The medical world is going vegan. Whether it’s news regarding the myth that humans evolved to eat meat or the fact that the number of doctors interested in plant-based nutrition has quadrupled, healthcare professionals are embracing what vegans have known for years: a cruelty-free lifestyle is the optimal diet for our bodies. In case you missed them the first time or you need a reminder that your vegan diet is good for your health, here are five recent stories by vegan doctors VegNews has published that’ll have you asking for a second helping of veggies.
1. 5 Plant Foods For Protection During Cold and Flu Season
At some point in their lives, everyone gets sick—even vegans—which is why Laurie Marbas, MD, points out five plant-foods to help prevent an illness and aid in recovery when that pesky sore throat approaches. Marbas recommends fungi, kiwifruit, cruciferous vegetables, garlic, and berries as natural remedies when those days when we can’t get out of bed. Although it’s not ideal for single people looking to mingle, garlic, Marbas writes, “stimulates certain immune system cell types such as macrophages, lymphocytes, natural killer cells, dendritic cells, and eosinophils.” And it’s delicious!
2. 3 Reasons to Eat Your Fruit and Vegetables
If you’re vegan, you probably don’t need any more reasons to eat fruit and vegetables. For starters, they’re delicious, but in their story “3 Reasons to Eat Your Fruit and Vegetables,” doctors Jyothi Rao and Monica Aggarwal explain how the phytonutrients, antioxidants, and fiber found in plant foods can “help dilate our arteries,” “remove the free radicals from cells, combat stressors, and fight inflammation,” and “grow good bacteria in our stomachs.” The next time you’re thinking about having that extra bowl of blueberries, say yes—your body will thank you later.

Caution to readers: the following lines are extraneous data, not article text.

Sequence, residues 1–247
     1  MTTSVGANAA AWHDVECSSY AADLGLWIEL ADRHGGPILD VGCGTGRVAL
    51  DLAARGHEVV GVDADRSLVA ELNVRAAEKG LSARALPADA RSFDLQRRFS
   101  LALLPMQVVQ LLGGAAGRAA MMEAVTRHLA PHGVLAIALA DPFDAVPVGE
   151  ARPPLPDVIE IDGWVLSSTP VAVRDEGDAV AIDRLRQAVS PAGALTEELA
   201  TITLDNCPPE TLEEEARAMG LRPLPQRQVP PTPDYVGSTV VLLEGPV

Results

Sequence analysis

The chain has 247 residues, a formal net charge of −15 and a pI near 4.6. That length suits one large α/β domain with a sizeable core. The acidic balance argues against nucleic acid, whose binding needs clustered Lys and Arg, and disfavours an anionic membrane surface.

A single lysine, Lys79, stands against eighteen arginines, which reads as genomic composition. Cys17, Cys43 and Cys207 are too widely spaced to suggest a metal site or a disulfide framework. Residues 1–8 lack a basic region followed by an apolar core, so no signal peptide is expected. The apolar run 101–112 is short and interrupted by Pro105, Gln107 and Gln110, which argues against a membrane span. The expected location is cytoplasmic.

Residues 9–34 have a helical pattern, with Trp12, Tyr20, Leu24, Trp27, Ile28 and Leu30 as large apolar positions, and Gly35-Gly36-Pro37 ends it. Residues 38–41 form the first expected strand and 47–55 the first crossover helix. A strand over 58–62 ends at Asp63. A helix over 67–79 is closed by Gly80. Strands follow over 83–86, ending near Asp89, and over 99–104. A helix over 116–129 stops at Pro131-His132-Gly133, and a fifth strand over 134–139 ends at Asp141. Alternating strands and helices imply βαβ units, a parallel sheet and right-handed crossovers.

3. How to Educate Your Doctor About Your Vegan Diet
Sadly, not every medical professional knows about the health benefits of a plant-based diet, and, often, vegans find themselves having to explain the latest research to their doctors. For times such as these, Joel Kahn, MD, gives us six talking points to discuss when your healthcare provider suggests something like adding eggs back into your diet. Kahn’s story focuses on the ways in which a plant-based diet helps with obesity, diabetes, high blood pressure, heart disease, and prevent mortality. Advice from a vegan doctor to give to your doctor? You can’t beat that.
4. How a Plant-based Diet Saved This Doctor’s Career
You know how teachers learn from their students? Well, doctors also learn from their patients, which is how Marbas turned her entire family vegan—literally overnight. In this story, the doctor explains how an interaction with a patient five years ago changed her life and her career: “This patient told me she would have abdominal pain after eating meat and dairy, so I told her stop eating meat and dairy (a logical conclusion), but the fact that my advice would leave her with nothing but plants didn’t register in my brain. She returned a month later for a follow-up visit, and her 16-year-old daughter—who had changed her diet to support her mom—pulled herself off two ADHD medications in the 30 days of healthy plant-based eating. My mind went through all of the scientific knowledge I had accumulated from years of education and experience, and still I had no answer as to how or why this could have happened. What I did know was that my patient and her daughter’s newfound health kindled a new spark within me, one of excitement and curiosity. Soon, I was asking myself, ‘Could eating plants actually have done this?’”
5. 5 Ways Becoming Ill Made Me a Better Doctor
It’s easy to forget, but doctors are people, too, and people get sick. One such person was Aggarwal, who was diagnosed with an autoimmune disease four months after giving birth to her third child. No one wants this type of news (especially with a newborn to look after), but Aggarwal writes that her diagnosis was a blessing in disguise, as being a patient in turn made her a better doctor: “Becoming sick and learning how it felt to be a patient taught me how to become a better doctor. I’m so grateful for that. Since my diagnosis, I have developed clarity for my life and my work, and my patients are better for it.”
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